With all due respect, we failed Mrs. King

Febrruary 6, 2006
Some believe that Mrs. King failed on several levels. This is in no way a departure point for discussion. If Mrs. King failed, then Dr. King failed, as well as Malcolm X, Nat Turner, Denmark Vescey, Harriet Tubman, and many others. These are all individuals who led their own lives and, often by default had to represent an entire movement. We cannot call people failures who lived their lives selflessly for others.

Furthermore, we do Coretta a disservice by comparing ourselves to her. I raise no human being to God-status, but I have a healthy respect for people who put their lives on the line for me and all who read this. It is a shame that we can raise rappers like the late Tupac to God or Malcolm X-status in his passing but be so critical of people who have never defamed the image of black people. Whether you are a Tupac fan or not, you cannot deny that during his lifetime, he hurt the black cause probably more than he helped it. Can we say the same for Mrs. King?

While we chastise Mrs. King for not carrying on her husband’s legacy properly, let us not forget that she was her own person who created her own legacy. If a U.S. President dies, no one speaks of the former First Lady as having to carry on the legacy of her husband. They are allowed to just be. The Reverend Al Sharpton and many others spoke at length last week about all the bold moves Mrs. King took to keep them focused on the struggle, long after Dr. King passed. He credits her with keeping them on task and not becoming in mind and heart the same as their enemy. Through her death, she passed on another lesson to me through a quote from Al Sharpton: “She reminded us that when your heart us in the right place, your mind and body will go in the right direction.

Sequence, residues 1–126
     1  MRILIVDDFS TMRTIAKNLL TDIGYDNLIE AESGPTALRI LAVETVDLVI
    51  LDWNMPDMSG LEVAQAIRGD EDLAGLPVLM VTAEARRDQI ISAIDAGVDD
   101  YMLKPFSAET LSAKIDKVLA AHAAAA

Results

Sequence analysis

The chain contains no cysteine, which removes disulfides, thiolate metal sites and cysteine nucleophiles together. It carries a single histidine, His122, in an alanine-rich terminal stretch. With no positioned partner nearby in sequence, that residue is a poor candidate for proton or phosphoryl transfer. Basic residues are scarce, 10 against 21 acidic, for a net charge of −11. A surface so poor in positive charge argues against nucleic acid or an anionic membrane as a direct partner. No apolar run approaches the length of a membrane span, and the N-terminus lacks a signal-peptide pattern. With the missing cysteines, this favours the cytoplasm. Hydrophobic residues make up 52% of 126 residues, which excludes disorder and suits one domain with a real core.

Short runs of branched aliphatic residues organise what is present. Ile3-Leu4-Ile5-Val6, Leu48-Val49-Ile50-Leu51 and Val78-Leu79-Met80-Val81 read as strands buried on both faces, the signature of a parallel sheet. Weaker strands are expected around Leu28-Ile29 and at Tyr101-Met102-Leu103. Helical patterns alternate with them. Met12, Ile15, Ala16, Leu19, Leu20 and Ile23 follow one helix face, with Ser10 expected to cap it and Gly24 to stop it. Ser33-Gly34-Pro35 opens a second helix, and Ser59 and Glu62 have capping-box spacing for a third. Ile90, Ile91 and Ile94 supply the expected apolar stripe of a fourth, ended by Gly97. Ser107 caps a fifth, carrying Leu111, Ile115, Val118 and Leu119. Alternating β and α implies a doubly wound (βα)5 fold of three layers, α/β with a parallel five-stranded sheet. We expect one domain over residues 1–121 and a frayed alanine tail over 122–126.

It was entirely up to Mrs. King to promote her husband’s legacy as she saw fit. I cannot speak for Dr. King, but I doubt he was looking down from his resting place in disgust at how she has failed him. If we are to not give credit to one man or woman for an entire movement, we should not blame one man or woman for the “failures” of that movement. In terms of the King Center, we should view the fact that the King children are disagreeing amicably (no defaming of each other in the media, for example) about the legacy of the Center as a testimony to their mother’s teaching.

Is black America in disarray? Of course. All of America is. But we who are part of this next generation of leadership are old enough to no longer blame our ancestors and current elders for what they did not pass on. We know the mistakes of the past and have no excuse to not learn from those mistakes. We should be thinking about what 20-something-year-olds will be saying about us in 50 years and what we have “failed” to accomplish. Collectively, we are all failing our forefathers and mothers in some way, shape or form. At the same time, collectively, we need to continue to learn from what worked and what did not work in our historical continuum. In the struggle for human rights, the only people who “fail” are the people who truly are blind to the cause for social justice. Mrs. King was visionary for justice on par with any human being who has walked the face of this earth. Let’s not let her down.

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